We live in an age where entrepreneurship is glorified. Everywhere we turn, there’s a story of businesses kicking goals or being sold for a number in the hundreds of millions, lots within their infancy too. The truth is, that’s only a reality for a handful of companies and concepts. In Australia, more than 60% of small businesses fail within three years. In the US, 20% fail within the first year, and after five years, only half of the businesses still exist.
I’m not for a second saying don’t go for it. I want you to. We need more entrepreneurs in the world, because they create jobs and often go on to solve big social issues when governments can’t. We particularly need more female entrepreneurs, especially those who might be parents themselves as they inherently understand the demands facing working mothers and can work to shift the needle on those challenges.
I’d love for everyone to experience the thrill of getting a business off the ground. Starting a business teaches so many skills and opens up a whole new world of learning and challenge. Here’s the caveat though: it can’t be at the ongoing expense of the things that truly matter to you. The key word here is ‘ongoing’.
You should expect your startup to consume you and take you away from almost everything else in the beginning. Sacrifices need to be made initially, but there may come a time when you have to face cold, hard facts and acknowledge that it’s time to stop, and, ahem, give up.
I speak to lots of people who are so unhappy because of the stress their small business is causing them and their families. They’re petrified of failing and they dig their heels in, unwilling to admit the truth. Every day seems like an ongoing battle, and yet these people keep waking up each morning, blindly believing that things are going to be different somehow.
And no one is willing to talk about this.
A friend reached out to me a few weeks ago in complete exasperation. “I’ve been doing this for three years now and haven’t gotten anywhere!” She went on to say that she was drowning in the reality of raising three young children and trying to grow her small business. We workshopped it together and the reality emerged: she just didn’t have a viable business. Even if we removed the kids from the equation, no matter how hard she worked at it, the results in her business just wouldn’t change. It wasn’t really a business.
It’s all very well to find your passion — to do what you love and love what you do — but at the end of the day, it’s not always going to put food on the table. Sometimes what’s required is having a really tough conversation with yourself about whether you should continue or not.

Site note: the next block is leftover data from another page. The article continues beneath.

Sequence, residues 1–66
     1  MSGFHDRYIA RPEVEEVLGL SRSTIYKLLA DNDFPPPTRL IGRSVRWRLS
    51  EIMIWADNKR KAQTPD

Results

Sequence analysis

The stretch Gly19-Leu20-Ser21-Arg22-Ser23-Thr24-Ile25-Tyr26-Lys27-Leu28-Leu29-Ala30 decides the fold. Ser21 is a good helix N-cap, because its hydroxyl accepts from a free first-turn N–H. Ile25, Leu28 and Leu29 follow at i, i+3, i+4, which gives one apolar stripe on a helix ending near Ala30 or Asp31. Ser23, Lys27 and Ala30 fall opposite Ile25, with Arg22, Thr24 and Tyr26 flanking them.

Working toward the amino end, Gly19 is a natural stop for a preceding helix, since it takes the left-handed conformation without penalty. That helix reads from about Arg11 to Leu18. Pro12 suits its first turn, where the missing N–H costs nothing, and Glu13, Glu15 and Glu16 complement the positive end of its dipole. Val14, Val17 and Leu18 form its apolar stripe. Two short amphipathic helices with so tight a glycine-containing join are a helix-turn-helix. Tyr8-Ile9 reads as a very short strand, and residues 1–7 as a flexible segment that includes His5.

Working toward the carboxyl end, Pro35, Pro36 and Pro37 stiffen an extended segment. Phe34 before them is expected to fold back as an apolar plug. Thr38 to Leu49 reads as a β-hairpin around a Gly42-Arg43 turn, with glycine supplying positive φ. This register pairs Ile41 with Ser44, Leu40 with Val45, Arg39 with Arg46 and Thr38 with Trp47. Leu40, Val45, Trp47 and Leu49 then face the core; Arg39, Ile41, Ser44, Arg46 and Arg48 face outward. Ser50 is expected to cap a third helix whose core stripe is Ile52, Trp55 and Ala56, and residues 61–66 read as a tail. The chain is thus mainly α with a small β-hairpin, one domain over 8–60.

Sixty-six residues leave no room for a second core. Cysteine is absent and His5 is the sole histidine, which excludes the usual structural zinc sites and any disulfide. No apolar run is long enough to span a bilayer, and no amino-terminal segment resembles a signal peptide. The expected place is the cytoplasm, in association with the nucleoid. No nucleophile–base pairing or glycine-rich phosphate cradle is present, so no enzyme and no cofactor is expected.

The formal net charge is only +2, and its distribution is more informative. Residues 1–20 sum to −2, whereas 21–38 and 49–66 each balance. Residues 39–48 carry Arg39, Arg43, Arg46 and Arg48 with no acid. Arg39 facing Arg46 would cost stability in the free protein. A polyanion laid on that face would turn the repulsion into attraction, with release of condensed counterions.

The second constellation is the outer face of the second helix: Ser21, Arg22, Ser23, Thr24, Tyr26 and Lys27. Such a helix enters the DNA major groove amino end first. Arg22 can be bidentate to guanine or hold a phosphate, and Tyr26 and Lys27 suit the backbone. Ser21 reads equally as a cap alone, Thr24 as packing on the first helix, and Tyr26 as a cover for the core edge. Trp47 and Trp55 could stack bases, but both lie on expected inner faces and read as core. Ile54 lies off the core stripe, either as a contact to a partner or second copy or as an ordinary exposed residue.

You’ve got two options if you’ve stagnated like my friend and you haven’t gone anywhere. You can either decide here and now to stop what you’re doing, or you can dramatically change something. If you go with option B, just make sure your business is viable first. No point losing another three years flogging a dead horse.
No one is quick to offer this advice, and few are willing to have the tough conversation. We’re playing too nice and pretending that everything’s going to be okay. We tell these people to have a massage, take a holiday, run a bath, or hire a babysitter for an afternoon. While these tactics might work for a couple of hours, or days even, no amount of time away from your business can mask the pain that comes with this idea: it might not be working.
“One of the hardest parts of life is deciding whether to walk away or try harder” – Ziad K. Abdelnour
In my experience, these are the common reasons why small businesses fail (or should be given up on).
They don’t have an obvious audience
One of the best ways you can approach starting a business is to identify the audience you have available to you, rather than focusing on what the actual product or service is. Does your best friend have a chain of stores that you might be able to put product into? Is your cousin an Instagram influencer who could help kickstart you? The aim of the game is to get some sales happening straight out of the gate by using the audience or distribution channel that’s already available to you.
This is in direct opposition to the thinking that says, ‘I want to start a candle business’, where you go out and learn how to make candles, make 200 of the buggers in your dining room and, after you’ve sold some to your mum and her friends, you’re left with 185 and have no clue how you’re going to get them out of your apartment.